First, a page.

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Words That Work

It’s Not What You Say, It’s What People Hear

By Dr. Frank Luntz
13-minute read
Audio available
Words That Work: It’s Not What You Say, It’s What People Hear by Dr. Frank Luntz

Words That Work (2007) is a guide to getting your point across more efficiently and effectively. These blinks explain the power of language and how it can help you in any number of situations, from business to political discussions to getting out of a traffic ticket.

  • Anyone who wants to communicate more effectively
  • Academics interested in the hidden power of language

Dr. Frank Luntz is a renowned pollster and public opinion guru who regularly works as a communications consultant for American politicians. He has led over 1,500 surveys and focus groups, and has contributed to numerous political and corporate campaigns.

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Words That Work

It’s Not What You Say, It’s What People Hear

By Dr. Frank Luntz
  • Read in 13 minutes
  • Audio & text available
  • Contains 8 key ideas
Words That Work: It’s Not What You Say, It’s What People Hear by Dr. Frank Luntz
Synopsis

Words That Work (2007) is a guide to getting your point across more efficiently and effectively. These blinks explain the power of language and how it can help you in any number of situations, from business to political discussions to getting out of a traffic ticket.

Key idea 1 of 8

Similar words can prompt different reactions among different people – effective communication is about considering your audience.

Have you ever found yourself in a situation where your words were totally misinterpreted? Have you thought you were saying one thing only to find the other person heard something entirely different?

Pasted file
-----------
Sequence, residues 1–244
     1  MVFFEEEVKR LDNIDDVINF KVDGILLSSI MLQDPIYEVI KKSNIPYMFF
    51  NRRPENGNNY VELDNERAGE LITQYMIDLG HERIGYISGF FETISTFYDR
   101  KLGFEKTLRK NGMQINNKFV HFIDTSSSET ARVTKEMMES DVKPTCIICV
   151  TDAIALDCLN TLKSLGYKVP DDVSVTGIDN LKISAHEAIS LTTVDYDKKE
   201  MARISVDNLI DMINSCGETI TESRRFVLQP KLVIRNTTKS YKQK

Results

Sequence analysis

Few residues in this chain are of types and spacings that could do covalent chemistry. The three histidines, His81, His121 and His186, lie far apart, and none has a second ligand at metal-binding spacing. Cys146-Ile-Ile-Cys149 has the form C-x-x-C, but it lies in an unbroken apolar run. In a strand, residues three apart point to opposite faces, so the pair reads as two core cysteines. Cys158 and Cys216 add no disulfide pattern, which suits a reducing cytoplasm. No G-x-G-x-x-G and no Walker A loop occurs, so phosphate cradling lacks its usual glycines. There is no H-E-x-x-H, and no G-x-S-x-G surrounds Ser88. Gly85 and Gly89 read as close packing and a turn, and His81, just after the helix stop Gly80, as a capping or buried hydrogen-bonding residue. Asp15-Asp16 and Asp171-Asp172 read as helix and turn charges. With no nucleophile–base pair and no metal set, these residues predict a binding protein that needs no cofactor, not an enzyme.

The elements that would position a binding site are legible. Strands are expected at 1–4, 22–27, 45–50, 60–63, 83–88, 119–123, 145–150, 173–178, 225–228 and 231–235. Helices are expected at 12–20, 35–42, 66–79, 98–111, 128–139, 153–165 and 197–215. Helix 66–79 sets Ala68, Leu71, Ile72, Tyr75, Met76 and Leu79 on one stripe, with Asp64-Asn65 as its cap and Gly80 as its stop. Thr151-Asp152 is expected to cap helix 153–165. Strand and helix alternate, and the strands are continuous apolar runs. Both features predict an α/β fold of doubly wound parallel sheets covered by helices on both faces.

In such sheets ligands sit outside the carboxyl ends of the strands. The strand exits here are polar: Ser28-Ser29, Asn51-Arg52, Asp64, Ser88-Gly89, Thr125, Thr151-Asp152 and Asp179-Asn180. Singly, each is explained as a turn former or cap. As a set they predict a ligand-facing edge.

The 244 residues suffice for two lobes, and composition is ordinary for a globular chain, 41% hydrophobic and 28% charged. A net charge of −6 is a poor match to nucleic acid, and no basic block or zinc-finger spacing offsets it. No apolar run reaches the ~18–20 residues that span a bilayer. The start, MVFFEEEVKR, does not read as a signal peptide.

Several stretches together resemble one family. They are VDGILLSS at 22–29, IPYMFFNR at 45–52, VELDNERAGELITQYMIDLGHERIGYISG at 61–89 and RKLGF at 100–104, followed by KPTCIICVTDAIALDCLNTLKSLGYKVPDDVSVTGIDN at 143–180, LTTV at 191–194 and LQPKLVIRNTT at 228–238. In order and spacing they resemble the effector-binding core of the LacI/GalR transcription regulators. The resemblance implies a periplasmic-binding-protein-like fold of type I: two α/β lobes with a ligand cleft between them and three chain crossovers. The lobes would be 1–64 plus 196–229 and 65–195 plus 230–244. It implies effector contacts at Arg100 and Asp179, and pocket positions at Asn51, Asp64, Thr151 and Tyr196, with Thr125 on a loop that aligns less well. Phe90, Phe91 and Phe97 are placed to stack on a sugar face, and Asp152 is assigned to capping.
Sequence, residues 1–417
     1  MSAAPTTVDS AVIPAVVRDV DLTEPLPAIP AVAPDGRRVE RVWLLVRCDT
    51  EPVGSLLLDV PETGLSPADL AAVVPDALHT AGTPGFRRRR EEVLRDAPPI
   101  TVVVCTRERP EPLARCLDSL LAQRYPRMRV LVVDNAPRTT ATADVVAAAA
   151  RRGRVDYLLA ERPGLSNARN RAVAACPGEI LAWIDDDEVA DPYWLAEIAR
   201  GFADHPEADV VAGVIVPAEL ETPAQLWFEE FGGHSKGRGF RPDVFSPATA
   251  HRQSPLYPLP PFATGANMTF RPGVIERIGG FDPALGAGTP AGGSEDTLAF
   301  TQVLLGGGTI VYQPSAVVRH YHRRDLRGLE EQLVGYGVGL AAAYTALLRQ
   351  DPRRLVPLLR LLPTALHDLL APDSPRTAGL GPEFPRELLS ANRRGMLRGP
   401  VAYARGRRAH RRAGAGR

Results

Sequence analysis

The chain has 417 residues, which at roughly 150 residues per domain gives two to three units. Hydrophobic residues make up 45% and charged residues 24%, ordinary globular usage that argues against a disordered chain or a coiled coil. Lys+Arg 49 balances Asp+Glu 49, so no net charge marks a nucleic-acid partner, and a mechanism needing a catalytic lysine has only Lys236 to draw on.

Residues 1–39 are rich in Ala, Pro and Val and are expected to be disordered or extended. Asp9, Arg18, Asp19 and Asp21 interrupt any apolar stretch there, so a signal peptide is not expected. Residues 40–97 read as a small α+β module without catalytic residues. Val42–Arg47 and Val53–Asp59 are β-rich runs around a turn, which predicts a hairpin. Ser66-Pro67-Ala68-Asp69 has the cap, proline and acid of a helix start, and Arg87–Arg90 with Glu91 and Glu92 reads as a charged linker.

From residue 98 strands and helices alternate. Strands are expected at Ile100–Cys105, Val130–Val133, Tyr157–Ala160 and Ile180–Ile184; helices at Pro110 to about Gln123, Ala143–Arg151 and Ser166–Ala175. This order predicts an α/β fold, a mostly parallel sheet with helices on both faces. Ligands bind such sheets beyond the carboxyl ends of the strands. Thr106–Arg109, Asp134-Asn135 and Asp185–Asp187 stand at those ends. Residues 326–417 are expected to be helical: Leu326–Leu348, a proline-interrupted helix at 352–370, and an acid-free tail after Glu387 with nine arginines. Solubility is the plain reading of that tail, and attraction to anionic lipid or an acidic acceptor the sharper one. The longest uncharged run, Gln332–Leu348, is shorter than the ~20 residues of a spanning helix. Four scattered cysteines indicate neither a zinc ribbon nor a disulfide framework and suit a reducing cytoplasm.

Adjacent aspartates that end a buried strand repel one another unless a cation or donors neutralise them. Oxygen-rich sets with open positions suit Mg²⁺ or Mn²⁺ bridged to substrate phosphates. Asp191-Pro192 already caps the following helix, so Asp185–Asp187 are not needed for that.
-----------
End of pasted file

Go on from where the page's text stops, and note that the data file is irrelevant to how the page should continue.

If this has happened to you, there are likely some flaws in how you communicate; that is to say, your words have failed you. But you’re not alone. In fact, flawed language habits are so widespread that we encounter misunderstandings in everything from politics to business to everyday life.

This is the case because everyone has a different understanding of words. As such, two different words that technically denote the same thing can elicit entirely different reactions.

For instance, “welfare” and “assistance to the poor” essentially mean the same thing. But if you ask Americans, only 23 percent will say that the country is spending too little on welfare, while 68 percent think there is too little “assistance to the poor.”

Clearly, different ways of communicating the same idea hold contrasting connotations. So, while “welfare” conjures up images of “welfare queens” and wasteful government spending, “assistance to the poor” reminds people of charity and Christian compassion.

Effective communication isn’t about your message or what your words objectively mean, but rather how people understand them. It’s essential to consider your audience’s preconceptions, especially their beliefs and fears.

Take the English novelist George Orwell, who knew this well and whose famous book 1984 played on the deep personal fears of his readers.

For instance, one passage describes “Room 101” as a place where one is confronted with her greatest fears. Since the fears of every reader are different, Room 101 became associated with the personal nightmares of any given reader.

But how can you make sure your message is understood as you intended? In the next blinks, you’ll learn more about the main pillars of exceptional communication.

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